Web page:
All of the titles include “factoids” about the animals or environmental issues featured. These are great read-aloud books for grades K-3. Grades 4 and above could utilize these titles for guided reading, independent reading, and research about the environment. As a group, these books would make a great text set for study about environmental preservation.

SIPAR publishes bilingual and monolingual books in Khmer, Khmer-English, English, Japanese. Some titles are available in multiple languages. For example, the White Elephant’s Daughter is available in English, French, and Khmer. Interestingly, titles offered through are different from those offered through Some of the titles use aastilted English cadence – obviously translated by a non-native speaker. The best quality titles are offered SIPAR’s label “White Elephant Books.” They do ship to USA (from France), and the cost is very reasonable. I have included the order form for White Elephant Books. (Please hyperlink to the attached document).

Now that we’ve talked a bit about what’s out there, what do you think? How might you incorporate Cambodian children’s literature into your classroom?

My next blog will focus on books published by quality vs. authenticity, and the difficulty of finding books FROM Cambodia that meet our literary standards. (or maybe I’ll address one of the other topics I touched on above…. Lacapa… emerging genres… you’ll just have to check back to find out!)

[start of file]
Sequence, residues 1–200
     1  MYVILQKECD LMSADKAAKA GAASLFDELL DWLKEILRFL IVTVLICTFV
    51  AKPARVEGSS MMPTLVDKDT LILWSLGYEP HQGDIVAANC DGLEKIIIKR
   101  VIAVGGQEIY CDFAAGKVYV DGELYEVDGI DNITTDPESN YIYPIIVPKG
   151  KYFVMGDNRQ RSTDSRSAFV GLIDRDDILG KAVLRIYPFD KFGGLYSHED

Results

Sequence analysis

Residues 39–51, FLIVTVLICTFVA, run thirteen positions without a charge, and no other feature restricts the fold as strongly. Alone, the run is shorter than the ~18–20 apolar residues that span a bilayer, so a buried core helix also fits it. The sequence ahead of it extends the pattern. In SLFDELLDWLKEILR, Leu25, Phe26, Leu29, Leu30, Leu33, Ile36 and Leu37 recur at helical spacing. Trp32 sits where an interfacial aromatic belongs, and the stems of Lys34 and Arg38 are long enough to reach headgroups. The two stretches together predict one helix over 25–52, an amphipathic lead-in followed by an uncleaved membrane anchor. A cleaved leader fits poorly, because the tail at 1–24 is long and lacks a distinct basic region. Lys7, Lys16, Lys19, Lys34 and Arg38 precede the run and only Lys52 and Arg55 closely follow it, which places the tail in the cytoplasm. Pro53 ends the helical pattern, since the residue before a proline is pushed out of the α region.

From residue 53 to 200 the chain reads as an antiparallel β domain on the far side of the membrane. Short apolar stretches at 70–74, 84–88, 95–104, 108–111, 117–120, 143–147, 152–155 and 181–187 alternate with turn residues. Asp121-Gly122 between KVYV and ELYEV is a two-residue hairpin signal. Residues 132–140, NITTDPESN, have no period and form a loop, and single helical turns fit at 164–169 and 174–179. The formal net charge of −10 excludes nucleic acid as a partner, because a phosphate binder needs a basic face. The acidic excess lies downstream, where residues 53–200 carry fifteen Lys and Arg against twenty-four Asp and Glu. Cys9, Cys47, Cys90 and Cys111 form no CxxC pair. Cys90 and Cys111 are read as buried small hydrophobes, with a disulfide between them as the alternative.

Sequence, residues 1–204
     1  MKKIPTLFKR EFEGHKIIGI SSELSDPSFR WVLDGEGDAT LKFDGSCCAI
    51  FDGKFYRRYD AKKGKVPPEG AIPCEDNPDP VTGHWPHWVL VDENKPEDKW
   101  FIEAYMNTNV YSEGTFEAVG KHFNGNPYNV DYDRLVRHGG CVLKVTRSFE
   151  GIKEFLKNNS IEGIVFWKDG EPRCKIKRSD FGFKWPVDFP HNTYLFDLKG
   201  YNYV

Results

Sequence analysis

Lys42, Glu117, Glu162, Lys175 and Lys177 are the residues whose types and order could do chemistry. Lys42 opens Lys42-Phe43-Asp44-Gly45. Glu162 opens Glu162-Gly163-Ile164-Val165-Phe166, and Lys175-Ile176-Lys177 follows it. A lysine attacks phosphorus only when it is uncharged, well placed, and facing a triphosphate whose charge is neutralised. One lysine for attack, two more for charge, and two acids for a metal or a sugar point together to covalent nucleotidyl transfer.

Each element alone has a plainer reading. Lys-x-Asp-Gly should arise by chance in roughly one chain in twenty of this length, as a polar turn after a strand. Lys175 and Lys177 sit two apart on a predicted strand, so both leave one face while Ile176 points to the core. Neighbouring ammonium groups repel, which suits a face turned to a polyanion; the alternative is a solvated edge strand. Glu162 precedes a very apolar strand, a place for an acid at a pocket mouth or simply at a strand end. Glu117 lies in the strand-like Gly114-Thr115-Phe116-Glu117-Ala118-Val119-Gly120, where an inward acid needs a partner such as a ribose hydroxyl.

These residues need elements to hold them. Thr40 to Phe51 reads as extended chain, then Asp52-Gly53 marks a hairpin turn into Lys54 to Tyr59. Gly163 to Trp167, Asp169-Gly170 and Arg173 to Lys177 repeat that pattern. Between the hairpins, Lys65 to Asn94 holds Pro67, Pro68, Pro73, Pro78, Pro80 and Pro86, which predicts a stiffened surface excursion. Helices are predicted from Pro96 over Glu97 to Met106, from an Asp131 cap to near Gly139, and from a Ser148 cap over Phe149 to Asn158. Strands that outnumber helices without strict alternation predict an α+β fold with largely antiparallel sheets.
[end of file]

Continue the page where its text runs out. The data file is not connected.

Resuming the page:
A parting treat for all of you: click here to watch some of our Sambour children exploring books during their recess time!


Hogan, Zeb (2002?). Samnang and the giant catfish. Phnom Penh, Cambodia: Save Cambodian Wildlife.

Snaije, Olivia (2011). Cambodia, Where Literature is Being Reborn. Publishing Perspectives, 17 November, 2011.

NOTE ABOUT REFERENCES: I struggle with appropriate annotation for books published in Cambodia. Most do not have a publication year, and there is no central clearinghouse or catalog that one can go to for citation information. There are also no ISBN or other tracking numbers. Thus, for books published in Cambodia, if there is no publication date listed then I used the date of the official government letter that appears in the introduction.


Save Cambodian Wildlife. (publications for sale)

SIPAR – Soutien à l’Initiative Privée pour l’Aide à la Reconstruction des Pays du Sud-Est Asiatique:

SIPAR Books.

Room to Read.


If Kids Ran the World

All roads lead to kindness in this warm, uplifting celebration of generosity and love. In a colorful tree house, a rainbow of children determine the most important needs in our complex world, and following spreads present boys and girls happily helping others. Kids bring abundant food to the hungry; medicine and cheer to the sick; safe housing, education, and religious tolerance to all; and our planet is treated with care. Forgiveness and generosity are seen as essential, because kids know how to share, and they understand the power of love.

With A Mighty Hand

The Torah is the first five books of the Hebrew Bible, which Christians call the Old Testament. It tells the story of the beginning of the Jewish people and their relationship with God. From Adam and Eve to the first patriarch, Abraham, to Moses, who led his people to the promised land, the stories in the Torah have been studied and revered since it was first written down nearly 3,000 years ago.

Haiti My Country: Poems by Haitian Schoolchildren

For several months, Quebec illustrator Roge prepared a series of portraits of Haitian children. Students of Camp Perrin wrote that accompanying poems, which create, with flowing consistency, Haiti My Country. These teenaged poets use the Haitian landscape as their easel. The nature that envelops them is quite clearly their main subject. While misery often storms through Haiti in the form of earthquakes, cyclones, or floods, these young men and women see their surrounding nature as assurance for a joyful, confident future.